Cutting grass down for the winter

strouper2October 13, 2007

Does anyone have any idea how early I can cut down my Maiden Grass without harming it? I'm filling in a hole and would sure like to kill 2 birds with one stone by getting rid of the grass and using it as a fill in the hole but I'm going to need it real soon.

Thank you,


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webkat5(Z6a MO)

It is generally not the best idea to cut them down until late winter or early spring....the old blades help keep excess moisture (from snow and ice) from reaching/parking on the root ball.

I wait until I see new grass in the spring...

    Bookmark   October 14, 2007 at 12:23AM
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Most deciduous ornamental grasses can be cut back in late fall, just as one would do with end of season perennials. The convention is to leave them up through winter as they provide interest and food/shelter for wildlife but there is no "rule" that says this must be done. As long as they are sufficiently hardy for your area, the above ground foliage provides minimal additional winter protection. If hardiness is questionable, mulching just like you would do with any other perennial will suffice. This is a pretty common practice with many commercial plantings of OG's - depending on the species and exposure, many become very messy with winter winds and weather and start to break apart anyway. Early shearing or cutting back is just a way of keeping things tidy and preventing stems, etc. from dispersing all over parking lots, etc.

    Bookmark   October 14, 2007 at 10:35AM
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I've cut back lots of ornamental grasses at almost every time of year without issues. As mentioned, it can be a cosmetic decision.

I prefer the look of winter grasses uncut, but I've been through enough storms to know what a mess they can be if left to nature's doing.

    Bookmark   October 14, 2007 at 9:17PM
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webkat5(Z6a MO)

Guys, we are in cold/wet winter zones...which can be hard on ornamental grasses...

Maybe your zone 8 doesn't have to worry....

We (cold zoners) actually do have a reason for not cutting them back too early...

    Bookmark   October 15, 2007 at 8:42AM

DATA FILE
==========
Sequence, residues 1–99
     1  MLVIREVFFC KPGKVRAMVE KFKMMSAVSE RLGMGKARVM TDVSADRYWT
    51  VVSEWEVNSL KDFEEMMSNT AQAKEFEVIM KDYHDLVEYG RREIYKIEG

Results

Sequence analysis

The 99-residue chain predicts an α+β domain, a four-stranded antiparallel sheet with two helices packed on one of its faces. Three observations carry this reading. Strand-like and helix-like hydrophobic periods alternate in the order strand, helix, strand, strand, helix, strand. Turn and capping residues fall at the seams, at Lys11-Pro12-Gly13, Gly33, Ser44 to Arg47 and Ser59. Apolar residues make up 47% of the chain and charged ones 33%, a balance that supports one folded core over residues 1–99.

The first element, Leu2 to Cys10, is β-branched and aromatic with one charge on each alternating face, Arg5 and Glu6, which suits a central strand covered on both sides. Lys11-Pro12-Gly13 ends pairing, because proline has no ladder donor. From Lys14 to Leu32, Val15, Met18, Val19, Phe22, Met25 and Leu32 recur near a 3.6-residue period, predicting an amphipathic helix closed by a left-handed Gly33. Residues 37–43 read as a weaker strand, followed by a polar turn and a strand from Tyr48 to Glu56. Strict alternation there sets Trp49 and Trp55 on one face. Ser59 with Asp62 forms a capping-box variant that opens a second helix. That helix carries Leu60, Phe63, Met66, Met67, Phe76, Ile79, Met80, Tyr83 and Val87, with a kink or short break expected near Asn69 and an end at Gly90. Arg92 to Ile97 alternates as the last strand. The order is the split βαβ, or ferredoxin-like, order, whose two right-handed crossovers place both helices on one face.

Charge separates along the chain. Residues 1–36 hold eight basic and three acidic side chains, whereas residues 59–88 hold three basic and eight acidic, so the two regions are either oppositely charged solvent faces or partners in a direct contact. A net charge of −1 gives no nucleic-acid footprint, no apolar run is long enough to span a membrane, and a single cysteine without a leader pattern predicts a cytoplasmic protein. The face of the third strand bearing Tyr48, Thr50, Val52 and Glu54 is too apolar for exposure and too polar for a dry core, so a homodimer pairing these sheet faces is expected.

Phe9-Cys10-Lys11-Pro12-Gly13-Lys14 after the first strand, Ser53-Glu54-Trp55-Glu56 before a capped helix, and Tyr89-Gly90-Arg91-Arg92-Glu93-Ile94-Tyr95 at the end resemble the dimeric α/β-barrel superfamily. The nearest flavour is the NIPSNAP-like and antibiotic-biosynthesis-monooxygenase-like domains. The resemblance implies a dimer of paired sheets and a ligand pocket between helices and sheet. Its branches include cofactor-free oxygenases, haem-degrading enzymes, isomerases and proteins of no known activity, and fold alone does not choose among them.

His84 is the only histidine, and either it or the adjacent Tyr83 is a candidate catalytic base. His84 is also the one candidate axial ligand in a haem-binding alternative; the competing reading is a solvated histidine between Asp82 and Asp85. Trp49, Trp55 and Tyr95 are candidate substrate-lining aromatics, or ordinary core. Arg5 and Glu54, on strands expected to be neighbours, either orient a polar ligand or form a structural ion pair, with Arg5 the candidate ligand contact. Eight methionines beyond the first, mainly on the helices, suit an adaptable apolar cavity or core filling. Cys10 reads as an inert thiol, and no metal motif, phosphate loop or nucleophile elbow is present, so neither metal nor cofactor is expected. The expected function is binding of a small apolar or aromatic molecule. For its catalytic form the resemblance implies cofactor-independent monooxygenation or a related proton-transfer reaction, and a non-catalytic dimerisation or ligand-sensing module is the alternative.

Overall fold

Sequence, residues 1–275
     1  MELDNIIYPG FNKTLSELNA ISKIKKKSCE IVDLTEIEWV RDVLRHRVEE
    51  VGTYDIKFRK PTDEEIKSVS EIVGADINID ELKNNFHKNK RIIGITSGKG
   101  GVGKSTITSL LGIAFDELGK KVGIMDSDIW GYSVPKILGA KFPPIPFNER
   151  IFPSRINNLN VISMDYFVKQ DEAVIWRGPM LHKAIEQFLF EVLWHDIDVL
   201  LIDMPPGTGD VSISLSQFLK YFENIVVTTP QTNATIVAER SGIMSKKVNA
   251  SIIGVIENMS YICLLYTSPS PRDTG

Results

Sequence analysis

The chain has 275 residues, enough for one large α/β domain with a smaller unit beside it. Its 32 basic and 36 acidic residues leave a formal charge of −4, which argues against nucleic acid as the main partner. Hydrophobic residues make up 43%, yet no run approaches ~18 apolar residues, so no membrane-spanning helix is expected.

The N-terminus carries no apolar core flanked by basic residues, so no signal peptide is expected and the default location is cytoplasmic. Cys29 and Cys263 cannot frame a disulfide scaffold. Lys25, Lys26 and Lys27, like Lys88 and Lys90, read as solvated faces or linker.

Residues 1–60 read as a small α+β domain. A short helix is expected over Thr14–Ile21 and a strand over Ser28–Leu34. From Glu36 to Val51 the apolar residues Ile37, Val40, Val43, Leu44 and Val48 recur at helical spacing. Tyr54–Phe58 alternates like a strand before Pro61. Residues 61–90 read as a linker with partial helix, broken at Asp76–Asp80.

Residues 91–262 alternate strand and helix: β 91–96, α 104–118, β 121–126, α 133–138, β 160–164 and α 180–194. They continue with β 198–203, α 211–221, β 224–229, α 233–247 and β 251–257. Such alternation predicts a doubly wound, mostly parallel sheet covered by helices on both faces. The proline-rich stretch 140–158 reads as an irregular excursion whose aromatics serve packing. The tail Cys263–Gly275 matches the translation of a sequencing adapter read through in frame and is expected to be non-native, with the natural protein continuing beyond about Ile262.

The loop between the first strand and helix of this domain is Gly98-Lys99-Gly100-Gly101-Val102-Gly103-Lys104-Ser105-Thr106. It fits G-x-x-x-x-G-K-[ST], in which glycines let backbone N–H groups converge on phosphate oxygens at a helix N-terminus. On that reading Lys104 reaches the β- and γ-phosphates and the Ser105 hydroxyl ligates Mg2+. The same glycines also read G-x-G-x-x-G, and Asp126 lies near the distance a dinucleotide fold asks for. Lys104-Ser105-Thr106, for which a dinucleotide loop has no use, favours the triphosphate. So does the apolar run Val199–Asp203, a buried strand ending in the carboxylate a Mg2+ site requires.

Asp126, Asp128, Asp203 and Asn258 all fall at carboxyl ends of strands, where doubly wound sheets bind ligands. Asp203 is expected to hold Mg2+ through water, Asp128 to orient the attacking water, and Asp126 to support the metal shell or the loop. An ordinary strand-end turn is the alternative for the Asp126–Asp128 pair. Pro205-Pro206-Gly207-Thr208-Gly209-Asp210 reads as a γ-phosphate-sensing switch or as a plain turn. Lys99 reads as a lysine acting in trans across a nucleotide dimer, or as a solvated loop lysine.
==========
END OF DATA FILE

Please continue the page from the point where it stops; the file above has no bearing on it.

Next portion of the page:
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My comments were not restricted to zone 8. There is no significant cultural reason that you must wait until spring to cut back ornamental grasses. Cold is not an issue, if the grasses are fully hardy for your zone. And I'd bet good money that my PNW winter is a good bit wetter than 3 times wetter :-) Heck, we had nearly 13 inches of rain in just November last year, a bit more than you get on average for the full 6 months of winter.

    Bookmark   October 15, 2007 at 8:23PM
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webkat5(Z6a MO)

After reviewing my notes from the classes conducted by our local extension office, I am going to stand by my recommendation for leaving the foliage until spring....

No offense gardengal....but a wet freeze on our ornamental grasses (fully hardy or not) can do some damage...I have actually seen the results...nothing but spongy mush. It is even advised to leave the lawn a bit high....
We also get amazing amounts of freeze/thaw action and extended warm periods followed by negative degree temps (in less than 24 hours) which is very difficult for gardeners...probably the most challenging of any other areas...entirely unpredictable and disheartening at times.

When something is fully hardy, it is implied that its natural state be observed.

    Bookmark   October 16, 2007 at 2:32AM
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sandy0225(z5 Indiana)

Why don't you wait? Grass isn't going to fill a hole very good or very long term anyway. Wouldn't hard fill be better?

    Bookmark   October 25, 2007 at 6:59AM
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The typical Maiden grass (Gracillimus) is pretty hardy if already well established.

Maybe you could leave two feet high of grass for winter protection, and remove the rest.

    Bookmark   October 27, 2007 at 8:58AM
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Yes sandy that is true and just like any gardener I've changed what I want to do anyway. What I forgot to mention is that I live in a condo and getting rid of excess plant material can be kind of a pain plus I've been reading more and more about layer gardening and I would like to use the grasses for this. My only access to green materials, since all are grass died this year, are the plants that I'm going to be getting rid of for the winter and the grasses would provide the bulk of it. I have access to a great hedge trimmer so I won't have any problem cutting them into small pieces and they could be left on top of my beds to decompose over the winter. I have raised beds that I've filled with a decent topsoil but the soil is still crying for more organic material. So after reading all these great post I think I'm going to do like Noki suggest and just cut them way back toward the end of Nov. Hopefully they'll make it through the winter and next year I'll have a bigger compost area available so I won't have to worry about this problem come next fall.


    Bookmark   November 11, 2007 at 9:21AM
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caroline_2008(Z 6)

I have had my pink pampas for 3 years now, and I have always cut mine down in Feb. My plant people tell me that is the time to do it. It has always started the new green leaves soon.

    Bookmark   January 17, 2008 at 10:17PM
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